Who Gets Inherited Household Items in a Divorce in Pennsylvania?

by Heather Frances J.D. Google
Inherited household items are not divisible in divorce.

Inherited household items are not divisible in divorce.

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When you divorce in Pennsylvania, the court will issue a divorce decree dividing property between you and your spouse. While some of your property is not subject to division by the divorce court, most is. The divisibility of property depends on when you acquired it and how. Inherited items typically are not divisible in your divorce.

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Equitable Distribution

Pennsylvania is an “equitable distribution” state rather than a “community property” state, which means Pennsylvania courts divide property between spouses in a manner that is fair and equitable, but not necessarily equal. The court looks at several factors to decide how to split the property, including the length of the marriage, age of the spouses, income and employability of each spouse and the contributions each made to the other’s income. However, the court does not consider fault or marital misconduct, meaning it doesn’t matter who or what caused the divorce.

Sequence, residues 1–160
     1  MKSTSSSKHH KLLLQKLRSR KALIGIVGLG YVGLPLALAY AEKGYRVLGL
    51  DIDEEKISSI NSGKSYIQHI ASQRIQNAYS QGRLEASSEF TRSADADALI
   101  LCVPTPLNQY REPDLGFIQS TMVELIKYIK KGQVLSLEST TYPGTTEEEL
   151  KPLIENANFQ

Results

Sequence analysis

Separate vs. Marital Property

Not all property is divisible by the court. In Pennsylvania, the court can only divide marital property, which is most property acquired during the marriage, including household furnishings. It does not matter whose name is on the title to the item or who purchased it. Property is considered separate if it is acquired before the marriage or if it is received as a gift or inheritance, and the court usually can’t divide separate property in the divorce.

Mixing Property

If you received household items as an inheritance, even if you received them during your marriage, they are your separate items at the time they are received. In Pennsylvania, if you keep them separate during the marriage, they retain their separate character, and the court cannot divide them in your divorce. However, separate items can lose their separate character if they become mixed with marital property. For example, if you sold an item you inherited and then deposited the money from that sale into a marital bank account, the court could treat that money as marital property.

Proving Separate Property

Items acquired during your marriage are presumed to be marital property until the spouse who wants to claim them as separate property provides proof that an item is not marital property. If you wish to claim inherited household items as separate property, you must provide some evidence for the Pennsylvania court to show that these items were inherited, such as a copy of the will or probate paperwork.